Migrant lives: not a commodity
This text is written by a group of people living in the United Kingdom who are migrants, students and workers. In the last few weeks alone we have witnessed the deaths of hundreds of migrants in the Mediterranean Sea and we have mourned Pinakin Patel who died in detention in Yarl’s Wood. This, as we all know, is only the tip of the iceberg. It is the direct result of the UK and the European Union’s murderous migration policies.
The framework underlying these actions is a capitalist conception of the value of life. We see this replicated on a daily basis in the discourse of politicians such as Ed Miliband and David Cameron, but also in the media and even in migrant rights campaigns. This framework has legitimised discourses as extreme as the now notorious “cockroach” rant by Katie Hopkins and Nigel Farage’s fascist statements. Although they undoubtedly have very different intentions and aims, they all share a very similar underlying framework: migrants’ lives are only worth what they can be sold for.
One example that you might have noticed when taking the underground in London is the “#migrantscontribute” campaign. We absolutely realise that this campaign was initiated by well intentioned and well informed people who care deeply about migrants, many of them are indeed migrants themselves. Clearly a strategic decision was made about what the most effective positive messaging would be around migration, keeping in mind the upcoming national elections. This does not make it any less concerning that a campaign that on the surface seeks to stand up for the rights of migrants, in fact reproduces those very same frameworks underlying the far right discourses referred to above.
When a major migrant rights campaign centres its message around the fact that migrants “contribute”, and defines this contribution primarily as an economic one, we have reached a low point. In this we can truly realise the extent to which the capitalist framework has infiltrated our thinking. So what is wrong with justifying the presence of migrants in terms of their economic contribution?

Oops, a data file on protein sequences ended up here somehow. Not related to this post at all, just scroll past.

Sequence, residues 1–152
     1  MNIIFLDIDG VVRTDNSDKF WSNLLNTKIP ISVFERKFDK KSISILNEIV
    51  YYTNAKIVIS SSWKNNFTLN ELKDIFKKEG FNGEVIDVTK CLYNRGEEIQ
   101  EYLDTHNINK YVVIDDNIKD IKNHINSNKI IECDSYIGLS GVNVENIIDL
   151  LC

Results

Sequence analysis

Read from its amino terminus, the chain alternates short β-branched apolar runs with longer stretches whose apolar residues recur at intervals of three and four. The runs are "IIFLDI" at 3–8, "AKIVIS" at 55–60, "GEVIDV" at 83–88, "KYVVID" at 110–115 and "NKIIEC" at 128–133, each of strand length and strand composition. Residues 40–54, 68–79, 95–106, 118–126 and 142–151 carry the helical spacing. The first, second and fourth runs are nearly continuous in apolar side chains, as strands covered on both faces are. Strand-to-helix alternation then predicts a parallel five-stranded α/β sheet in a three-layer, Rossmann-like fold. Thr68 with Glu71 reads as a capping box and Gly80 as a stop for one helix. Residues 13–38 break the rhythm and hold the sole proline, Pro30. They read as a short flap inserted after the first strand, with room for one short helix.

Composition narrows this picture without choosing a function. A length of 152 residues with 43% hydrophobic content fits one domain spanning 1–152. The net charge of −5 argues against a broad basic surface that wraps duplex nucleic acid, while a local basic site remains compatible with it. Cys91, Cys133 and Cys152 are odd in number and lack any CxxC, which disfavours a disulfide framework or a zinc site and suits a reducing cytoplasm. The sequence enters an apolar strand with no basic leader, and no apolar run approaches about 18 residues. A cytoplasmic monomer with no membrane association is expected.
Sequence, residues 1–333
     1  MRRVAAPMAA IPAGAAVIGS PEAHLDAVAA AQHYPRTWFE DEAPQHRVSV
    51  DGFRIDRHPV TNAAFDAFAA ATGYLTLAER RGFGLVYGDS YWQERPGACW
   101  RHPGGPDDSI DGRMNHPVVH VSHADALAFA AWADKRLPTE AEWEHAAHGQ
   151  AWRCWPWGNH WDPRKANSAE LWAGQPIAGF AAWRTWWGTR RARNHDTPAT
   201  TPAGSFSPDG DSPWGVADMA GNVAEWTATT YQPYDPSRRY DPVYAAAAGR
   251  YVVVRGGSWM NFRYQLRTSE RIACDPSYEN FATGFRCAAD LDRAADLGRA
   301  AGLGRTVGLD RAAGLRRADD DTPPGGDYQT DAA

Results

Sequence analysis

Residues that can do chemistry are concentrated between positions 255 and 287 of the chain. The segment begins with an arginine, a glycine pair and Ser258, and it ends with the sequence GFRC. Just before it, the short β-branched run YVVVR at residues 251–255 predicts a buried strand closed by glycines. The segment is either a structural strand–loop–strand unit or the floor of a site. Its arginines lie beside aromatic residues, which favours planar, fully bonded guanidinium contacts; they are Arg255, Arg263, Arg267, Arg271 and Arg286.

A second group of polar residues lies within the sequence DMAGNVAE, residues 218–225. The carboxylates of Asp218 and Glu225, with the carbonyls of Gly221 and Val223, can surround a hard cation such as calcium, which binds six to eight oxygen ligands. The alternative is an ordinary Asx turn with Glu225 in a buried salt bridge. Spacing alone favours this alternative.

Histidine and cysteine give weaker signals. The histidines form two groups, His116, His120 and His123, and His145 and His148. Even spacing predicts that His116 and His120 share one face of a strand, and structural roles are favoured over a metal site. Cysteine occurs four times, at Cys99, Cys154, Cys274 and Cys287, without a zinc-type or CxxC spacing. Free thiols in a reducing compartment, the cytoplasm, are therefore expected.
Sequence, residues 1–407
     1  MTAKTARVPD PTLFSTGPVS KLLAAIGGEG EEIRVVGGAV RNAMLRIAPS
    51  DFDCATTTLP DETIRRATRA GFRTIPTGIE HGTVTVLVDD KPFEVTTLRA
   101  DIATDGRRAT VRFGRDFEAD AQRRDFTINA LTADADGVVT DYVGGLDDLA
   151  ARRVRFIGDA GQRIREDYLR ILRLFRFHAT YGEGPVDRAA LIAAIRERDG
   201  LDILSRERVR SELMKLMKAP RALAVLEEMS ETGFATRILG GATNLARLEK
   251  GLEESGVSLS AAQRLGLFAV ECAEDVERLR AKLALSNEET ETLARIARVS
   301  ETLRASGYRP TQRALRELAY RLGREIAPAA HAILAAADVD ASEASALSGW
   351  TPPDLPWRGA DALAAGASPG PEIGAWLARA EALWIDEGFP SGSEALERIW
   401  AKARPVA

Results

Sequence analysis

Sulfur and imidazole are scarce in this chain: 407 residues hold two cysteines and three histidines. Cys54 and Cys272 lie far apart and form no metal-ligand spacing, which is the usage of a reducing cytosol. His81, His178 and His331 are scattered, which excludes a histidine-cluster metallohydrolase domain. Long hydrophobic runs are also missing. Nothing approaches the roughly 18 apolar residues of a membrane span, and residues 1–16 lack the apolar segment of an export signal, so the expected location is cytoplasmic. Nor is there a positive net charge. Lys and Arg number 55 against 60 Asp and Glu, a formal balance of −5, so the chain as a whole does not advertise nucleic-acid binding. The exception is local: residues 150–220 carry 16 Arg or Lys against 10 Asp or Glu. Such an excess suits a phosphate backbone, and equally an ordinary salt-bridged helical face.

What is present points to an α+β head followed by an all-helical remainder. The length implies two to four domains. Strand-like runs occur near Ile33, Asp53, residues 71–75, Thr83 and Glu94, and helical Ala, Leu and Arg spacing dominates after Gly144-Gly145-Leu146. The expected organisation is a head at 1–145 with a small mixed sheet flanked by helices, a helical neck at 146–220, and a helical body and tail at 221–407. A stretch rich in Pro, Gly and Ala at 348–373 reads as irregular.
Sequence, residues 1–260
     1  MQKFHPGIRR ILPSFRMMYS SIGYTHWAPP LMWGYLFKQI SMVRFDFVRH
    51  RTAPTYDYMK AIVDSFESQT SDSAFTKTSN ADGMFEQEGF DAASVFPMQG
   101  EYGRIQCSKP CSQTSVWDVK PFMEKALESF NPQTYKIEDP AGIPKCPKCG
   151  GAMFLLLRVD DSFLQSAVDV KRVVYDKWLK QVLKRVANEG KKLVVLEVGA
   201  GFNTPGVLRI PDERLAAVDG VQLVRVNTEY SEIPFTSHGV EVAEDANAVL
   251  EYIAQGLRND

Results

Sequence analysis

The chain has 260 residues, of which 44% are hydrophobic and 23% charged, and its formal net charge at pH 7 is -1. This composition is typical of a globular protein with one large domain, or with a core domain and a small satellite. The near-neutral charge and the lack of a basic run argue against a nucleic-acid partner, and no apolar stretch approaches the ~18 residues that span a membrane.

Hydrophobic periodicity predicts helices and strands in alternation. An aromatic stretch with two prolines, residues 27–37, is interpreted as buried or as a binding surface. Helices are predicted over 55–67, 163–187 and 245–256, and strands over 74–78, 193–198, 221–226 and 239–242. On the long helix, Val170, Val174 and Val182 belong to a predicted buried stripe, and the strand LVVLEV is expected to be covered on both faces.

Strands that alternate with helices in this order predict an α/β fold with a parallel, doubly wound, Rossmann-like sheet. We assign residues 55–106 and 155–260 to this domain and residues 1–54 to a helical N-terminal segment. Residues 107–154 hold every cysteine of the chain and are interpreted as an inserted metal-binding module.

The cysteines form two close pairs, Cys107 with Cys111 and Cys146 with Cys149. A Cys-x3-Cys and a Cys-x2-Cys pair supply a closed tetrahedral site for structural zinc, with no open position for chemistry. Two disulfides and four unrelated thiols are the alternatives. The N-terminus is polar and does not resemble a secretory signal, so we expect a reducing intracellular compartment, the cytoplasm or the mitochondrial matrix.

First, this does not take into account the historical roots of migration flows. In particular, how many EU States benefited from the mass murder, enslavement and plundering of resources in the former colonies. This makes it even more perverse to now criticise migration as an economic threat. Second, this framework instrumentalises migrants’ lives by linking their inherent worth to their economic input. Migrants are no longer human, their only relevance is to serve as commodities for consumption by the capitalist state.
Third, this reproduces the idea of the “good” and “bad” migrant. The good migrant being the formally employed, non-criminal, law abiding, hardworking, tax-paying individual trying to make a “better life” in Britain. Migrants, unlike ‘white’ and middle and upper class nationals, must prove that they are deserving. The distinction is at the same time classist and ableist, gendered and racist. The most vulnerable: those who are unemployed, disabled, undocumented, detained, unpaid or criminalised and marginalised in many other ways, are not perceived as valuable. They expose just how narrow a framework #migrantscontribute is.
Fourth, it implies that national borders are natural, unchanging and even necessary and leaves intact and reinforces arbitrary state power to inflict violence against migrants’ bodies. This rationalises the need for the detention of ethnic others and public indifference.
This lethal discourse that commodifies migrants’ lives has directly influenced decision making, causing ongoing human tragedies. We must refuse to put a price tag on migrants’ lives and stop valuing them only to the extent that they benefit European economies. We must challenge the framework that commodifies migrant lives and move forwards to a new one. One that values life in its own right.
Rosario Fernández Ossandón, Fenya Fischler, Nicolás Ortiz Ruiz, Aleksandra Stankova